by Nathan Fain on July 9th, 1982, page 1.
Yes, it is frightening. And yes, as this issue went to press, nobody on earth knew why more than 400 Americans have suddenly lost their natural ability to ward off a narrow range of rare diseases. Yes, it could be contagious. And you could get it. You might even die.
But all these scary possibilities are no occasion for panic. This is no plague, no ‘gay cancer,’ nor is any god leveling a fiery finger on cities of the plain. Despite all those tempting urges to assume the Dark Ages are back for a national tour, gay men must resist the several assaults on our sense of ourselves. It is no time for superstition, no time for fear.
The year-old outbreak of immune-defense failure in mostly urban U.S. gay men has no precedent in medical history. It remains, as Sue Chastain observed in the June 20 Inquirer, “baffling.” Though the outbreak has claimed more lives than legionnaire’s disease, toxic shock and swine flu combined, it falls into a class by itself. Each of these recent outbreaks involved one ultimately isolated germ—bacteria in the first two, a virus in the third. Especially in the case of the 1976 incident at the Bellevue Stratford Hotel, Federal health officers were certainly baffled until they found tiny tubes of Legionella pneumophila lurking under their microscopes. One microorganism, case solved. And roughly four months after Legionella sailed out of the hotel’s lobby air-conditioning vents and into the lungs of those aging patriots.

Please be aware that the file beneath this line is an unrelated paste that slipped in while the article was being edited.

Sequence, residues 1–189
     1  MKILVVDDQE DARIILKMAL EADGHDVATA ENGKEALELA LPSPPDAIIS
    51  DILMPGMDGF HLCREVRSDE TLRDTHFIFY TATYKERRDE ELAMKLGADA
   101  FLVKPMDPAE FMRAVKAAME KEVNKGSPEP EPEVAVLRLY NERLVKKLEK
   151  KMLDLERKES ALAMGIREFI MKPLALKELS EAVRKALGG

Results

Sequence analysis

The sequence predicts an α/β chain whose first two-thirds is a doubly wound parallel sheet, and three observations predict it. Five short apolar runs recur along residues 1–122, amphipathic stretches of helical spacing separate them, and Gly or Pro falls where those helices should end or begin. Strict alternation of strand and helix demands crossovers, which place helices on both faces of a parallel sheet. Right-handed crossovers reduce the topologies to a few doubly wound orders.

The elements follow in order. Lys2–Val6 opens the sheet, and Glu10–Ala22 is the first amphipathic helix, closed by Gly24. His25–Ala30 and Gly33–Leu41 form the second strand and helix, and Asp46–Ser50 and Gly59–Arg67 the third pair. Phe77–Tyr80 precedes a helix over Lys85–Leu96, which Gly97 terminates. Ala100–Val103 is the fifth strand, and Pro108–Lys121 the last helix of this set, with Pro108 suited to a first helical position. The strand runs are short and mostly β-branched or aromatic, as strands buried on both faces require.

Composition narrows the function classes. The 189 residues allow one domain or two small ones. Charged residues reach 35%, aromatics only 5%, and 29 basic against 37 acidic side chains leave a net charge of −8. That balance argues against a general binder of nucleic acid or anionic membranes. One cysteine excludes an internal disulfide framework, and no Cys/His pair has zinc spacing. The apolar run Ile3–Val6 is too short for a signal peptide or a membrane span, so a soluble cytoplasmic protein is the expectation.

Instead, the immune functions of more than 300 gay men have collapsed in virtually every big U.S. city and in several European capitals as well. After looking feverishly for a year, investigators at the Center for Disease Control (CDC) in Atlanta and other cities have not found one or two or even six causes to explain what has happened. They may not even be close. But, despite the absence of answers to the most critical questions, they can tell us a great deal already. And soon they will be able to tell us quite a bit more.
First, a few ground rules. Medical research operates slowly and carefully and under great secrecy. Because the outbreak of failed immunity is so profoundly complex and exotic, the rewards of solving its mystery are the very highest. Nobel Prizes will almost certainly be distributed to the team that first breaks the mystery. Millions of dollars in research money are at stake, as are the fragile reputations of the most distinguished researchers. Politics flavors and, in some cases, impedes the progress of finding answers. Federal health bureaus are now trying to untangle the chaos of many research projects underway in a dozen major cities, but unlike the Soviet Union, the U.S. cannot firmly control who does what. Nor can the U.S. command physicians to reveal what they know before they are fully prepared to defend their suggestions with hard proof.
Therefore, even though the medical establishment was immediately electrified by the news published in May last year in the CDC’s weekly bulletin (Morbidity and Mortality Weekly Report), and by the startling front-page story July 3, 1981 in the New York Times, medicine cannot say still what causes cancer, even though many billions of dollars have been spent over decades. One reason research remains electrified over this outbreak bears directly on the cancer dilemma. We are now, with this out break, probably far closer to understanding cancer than ever. It is highly likely that, once the outbreak is solved, part of that solution will involve the solution to cancer as well.